Tell us about a favorite moment so far in your career.
I have the most fun when I am learning new things or working with a team of dedicated people to understand a challenging problem or to assess widely varying technical options. I enjoy it when we turn a problem around, look at it in a new way and come up with approaches to solutions that were not obvious before.
Often in my line of work it can be years between when I work on technology or assess a mission option and when that technology or mission starts returning real science from space. Several of the instrument technologies I helped sponsor are now operating in space. When I worked in Earth Science I led the evaluation of several mission proposals, three of which are still operating (GRACE, CloudSat and CALIPSO). I feel a quiet sense of satisfaction when I see the new knowledge and useful results that come from things I helped make happen.
What advice would you give to someone who wants to take the same career path as you?
Look for a career, not just a job. Seek out work that you enjoy and believe in. This makes it far easier for you to get excited about and involved in the work you do, as well as be able to put in the extra effort needed to do well. A technical education is important, although it can be in any of a number of fields, as the main skill needed is the ability to understand complex problems and work them through to real solutions.
What do you do for fun?
I enjoy spending time outdoors and I ride my bicycle to work most days (except when it is icy or during thunderstorms when there is a chance of getting hit by lightning). I also enjoy music. When I moved to the Washington, D.C. area I met people who play traditional Irish music, so I have taken up the fiddle.
If you were talking to a student interested in science and math or engineering, what advice would you give them?
Here are a couple ideas:
1) Studying mathematics is like learning a foreign language; you need to spend time learning the vocabulary and the grammar before you can start appreciating the poetry. I did not start out in college as a mathematics major, so I ended up going an extra year. It was somewhere in my second year of college that I started to see mathematics as an art form made up entirely of concepts and ideas that fit together into a beautiful whole.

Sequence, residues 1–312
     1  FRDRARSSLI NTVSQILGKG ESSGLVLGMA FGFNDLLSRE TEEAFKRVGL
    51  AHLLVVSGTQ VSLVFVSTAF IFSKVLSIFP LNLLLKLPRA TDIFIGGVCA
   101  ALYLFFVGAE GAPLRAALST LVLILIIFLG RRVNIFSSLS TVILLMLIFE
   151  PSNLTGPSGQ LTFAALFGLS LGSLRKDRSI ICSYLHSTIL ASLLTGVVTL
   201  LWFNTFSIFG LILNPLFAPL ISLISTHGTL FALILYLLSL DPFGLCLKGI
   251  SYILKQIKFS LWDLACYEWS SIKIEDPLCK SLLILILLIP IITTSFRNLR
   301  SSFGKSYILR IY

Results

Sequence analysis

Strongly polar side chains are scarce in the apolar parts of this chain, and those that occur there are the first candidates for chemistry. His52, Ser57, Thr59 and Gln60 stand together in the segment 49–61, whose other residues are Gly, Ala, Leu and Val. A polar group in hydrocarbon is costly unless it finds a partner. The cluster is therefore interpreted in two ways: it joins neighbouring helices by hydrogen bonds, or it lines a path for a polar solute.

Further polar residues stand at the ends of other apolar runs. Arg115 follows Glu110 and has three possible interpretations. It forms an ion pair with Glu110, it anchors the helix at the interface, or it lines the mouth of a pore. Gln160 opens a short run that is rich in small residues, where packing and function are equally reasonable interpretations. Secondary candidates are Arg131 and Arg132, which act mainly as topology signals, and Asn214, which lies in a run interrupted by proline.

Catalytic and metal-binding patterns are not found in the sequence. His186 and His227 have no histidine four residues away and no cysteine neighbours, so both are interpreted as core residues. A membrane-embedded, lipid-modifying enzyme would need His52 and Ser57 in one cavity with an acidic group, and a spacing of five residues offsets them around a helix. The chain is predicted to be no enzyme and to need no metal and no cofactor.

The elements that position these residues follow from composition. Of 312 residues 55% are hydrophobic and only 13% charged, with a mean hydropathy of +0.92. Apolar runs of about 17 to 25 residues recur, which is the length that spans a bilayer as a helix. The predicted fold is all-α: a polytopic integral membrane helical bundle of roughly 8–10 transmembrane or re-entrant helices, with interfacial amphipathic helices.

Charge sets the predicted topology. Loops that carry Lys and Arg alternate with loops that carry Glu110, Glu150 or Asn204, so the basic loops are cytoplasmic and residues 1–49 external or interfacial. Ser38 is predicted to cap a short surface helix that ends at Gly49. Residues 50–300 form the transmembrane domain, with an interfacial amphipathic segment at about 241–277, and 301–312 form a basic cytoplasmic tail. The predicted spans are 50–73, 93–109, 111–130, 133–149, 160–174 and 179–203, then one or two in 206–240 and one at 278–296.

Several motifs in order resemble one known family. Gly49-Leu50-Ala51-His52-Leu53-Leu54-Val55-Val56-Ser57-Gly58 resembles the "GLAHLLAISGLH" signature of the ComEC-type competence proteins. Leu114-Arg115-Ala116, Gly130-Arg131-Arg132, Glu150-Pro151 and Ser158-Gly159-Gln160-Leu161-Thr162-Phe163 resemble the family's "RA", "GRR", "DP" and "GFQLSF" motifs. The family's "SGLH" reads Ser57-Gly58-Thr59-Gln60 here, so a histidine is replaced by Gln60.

2) For engineering (or science), take the time to learn hands-on skills. Bicycle repair, for example, is a great way to learn first-hand how gears, levers and pulleys work. Bicycle repair is also a great way to learn the scientific method: You have a problem (the bike does not work), you come up with an hypothesis on the cause of the problem, then you have to come up with a way to test your hypothesis and either you have solved the problem, or more often than not (as in real science) you find your hypothesis was wrong and you need to come up with a new hypothesis. Repeat this process until the problem is solved.
I am in the Planetary Science Division (PSD) in the Science Mission Directorate (SMD) at NASA Headquarters in Washington, D.C. More information about NASA Planetary Science is at: http://science.nasa.gov/planetary-science/
I am the program executive for the Lunar Reconnaissance Orbiter (LRO). More information about LRO is at: http://www.nasa.gov/mission_pages/LRO/main/index.html
I am the program executive for In-Space Propulsion Technology (ISPT). More information about ISPT is at: http://SpaceFlightSystems.grc.nasa.gov/Advanced/ScienceProject/ISPT/
I am also NASA Headquarters' point of contact for the Planetary Science Technology Review (PSTR) Panel. More information about the PSTR is at: http://spaceflightsystems.grc.nasa.gov/PlanetaryScience/
I will be the program executive for the third New Frontiers mission once the current funded studies end and one of the three concepts is selected for implementation. A press release about the three concept studies is at: http://discoverynewfrontiers.nasa.gov/news/New%20Frontiers/2009/news_123009.html
For fun I play Irish music with my neighbors. We get together most Saturday mornings for a pot luck breakfast and music. Information about this group is at: http://www.irishbreakfastband.com/
Last Updated: 3 January 2013